Bring Your Own Device


For BYOD we will assume that allowance will be provided to the user for the monthly plan only. Hardware will be the responsibility of the user. And a MDM solution will be required to manage and secure the devices.

Total for year 1:  $48,250

Mobile Device Management solution:  $45/device on average for a 3 year term is $27,000

BES Express:  Free for 50
Cellular and data plans:  $85/month for each device, $21,250 annually.


Total for year 2:  $21,250

Plans:  $85/month for each device, $21,250 annually.

Total for year 3:  $21,250

Plans:  $85/month for each device, $21,250 annually.

Choose Your Own Device


For CYOD we will assume that the monthly plan will be covered by the company and the user will never have to see the bill. Hardware will also be managed by the organization. And a MDM solution will be required to manage and secure the devices.

Total for year 1:  $70,000

Mobile Device Management solution:  $45/device on average for a 3 year term is $27,000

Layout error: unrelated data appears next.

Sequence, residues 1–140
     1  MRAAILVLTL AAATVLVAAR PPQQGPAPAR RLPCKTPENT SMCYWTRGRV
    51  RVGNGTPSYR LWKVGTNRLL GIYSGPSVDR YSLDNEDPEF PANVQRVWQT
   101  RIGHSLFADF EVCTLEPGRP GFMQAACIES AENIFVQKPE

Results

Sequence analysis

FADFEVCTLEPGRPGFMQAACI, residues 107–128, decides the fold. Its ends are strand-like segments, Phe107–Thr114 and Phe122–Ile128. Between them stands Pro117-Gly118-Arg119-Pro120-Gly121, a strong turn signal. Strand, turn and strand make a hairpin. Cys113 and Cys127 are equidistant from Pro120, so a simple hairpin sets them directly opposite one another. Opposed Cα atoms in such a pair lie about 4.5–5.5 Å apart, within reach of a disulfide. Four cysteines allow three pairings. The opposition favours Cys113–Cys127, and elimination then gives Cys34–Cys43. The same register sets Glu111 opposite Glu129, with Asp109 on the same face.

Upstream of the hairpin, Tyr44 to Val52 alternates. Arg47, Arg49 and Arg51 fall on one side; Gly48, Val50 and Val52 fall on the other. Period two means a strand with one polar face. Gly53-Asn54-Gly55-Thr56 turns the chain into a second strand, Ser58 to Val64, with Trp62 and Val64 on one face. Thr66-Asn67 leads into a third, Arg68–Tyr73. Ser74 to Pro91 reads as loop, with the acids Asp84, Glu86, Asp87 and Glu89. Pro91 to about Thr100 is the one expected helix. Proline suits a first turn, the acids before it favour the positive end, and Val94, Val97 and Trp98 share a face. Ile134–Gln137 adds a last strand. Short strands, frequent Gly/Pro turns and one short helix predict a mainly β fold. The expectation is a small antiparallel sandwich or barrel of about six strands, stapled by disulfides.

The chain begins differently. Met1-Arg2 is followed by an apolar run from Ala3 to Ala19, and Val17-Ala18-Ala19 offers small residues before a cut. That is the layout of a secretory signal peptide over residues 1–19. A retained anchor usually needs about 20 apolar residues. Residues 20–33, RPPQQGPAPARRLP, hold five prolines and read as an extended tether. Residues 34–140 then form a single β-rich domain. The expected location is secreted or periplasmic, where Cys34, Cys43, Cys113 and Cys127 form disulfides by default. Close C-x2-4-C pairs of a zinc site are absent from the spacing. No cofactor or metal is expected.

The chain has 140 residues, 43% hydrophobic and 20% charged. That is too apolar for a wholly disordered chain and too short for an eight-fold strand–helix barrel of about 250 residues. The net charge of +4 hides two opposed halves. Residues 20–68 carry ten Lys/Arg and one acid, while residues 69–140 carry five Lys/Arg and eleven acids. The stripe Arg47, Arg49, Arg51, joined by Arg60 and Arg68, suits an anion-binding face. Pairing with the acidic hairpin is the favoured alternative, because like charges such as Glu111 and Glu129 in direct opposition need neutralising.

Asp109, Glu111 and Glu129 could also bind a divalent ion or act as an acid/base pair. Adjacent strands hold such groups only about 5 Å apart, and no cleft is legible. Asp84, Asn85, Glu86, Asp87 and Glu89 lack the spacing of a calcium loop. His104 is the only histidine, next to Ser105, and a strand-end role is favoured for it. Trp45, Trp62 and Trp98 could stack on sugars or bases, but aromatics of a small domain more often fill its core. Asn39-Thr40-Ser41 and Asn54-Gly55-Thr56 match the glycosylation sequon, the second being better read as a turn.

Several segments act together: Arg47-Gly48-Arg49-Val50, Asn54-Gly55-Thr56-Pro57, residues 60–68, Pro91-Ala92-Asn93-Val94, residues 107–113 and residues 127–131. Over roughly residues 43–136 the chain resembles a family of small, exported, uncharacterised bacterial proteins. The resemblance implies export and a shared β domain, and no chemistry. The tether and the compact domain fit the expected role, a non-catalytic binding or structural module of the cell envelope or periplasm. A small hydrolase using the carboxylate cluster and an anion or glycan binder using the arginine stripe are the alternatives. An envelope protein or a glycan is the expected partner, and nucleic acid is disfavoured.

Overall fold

BES Express:  Free
Handsets:  $70/device on average for the first year is $17,500
Plans:  $85/month for each user multiplied by an estimated overage of 20% is $102, $25,500 annually.

Total for year 2:  $40,500

Handsets:  New hardware comes out.  20% of users drop their phones in the toilet.  The carrier discounts replacements to $300 since they’ve been on contract for 1 year.  $15,000

Plans:  $85/month for each user multiplied by an estimated overage of 20% is $102, $25,500 annually.


Total for year 3:  $35,500

Handsets:  New hardware comes out.  20% of users drop their phones in the toilet.  The carrier discounts replacements to $200 since they’ve been on contract for 1 year.  $10,000

Plans:  $85/month for each user multiplied by an estimated overage of 20% is $102, $25,500 annually.


BYOD will cost a total of $90,750 after 3 years in this environment. CYOD is very similar with sticking with a corporate standard for mobile devices and will cost this organization $146,000 over 3 years.

*** This is a Security Bloggers Network syndicated blog from Insecurity authored by asdfasdfasdfasdf. Read the original post at: http://stephenperciballi.blogspot.com/2012/08/your-own-device.html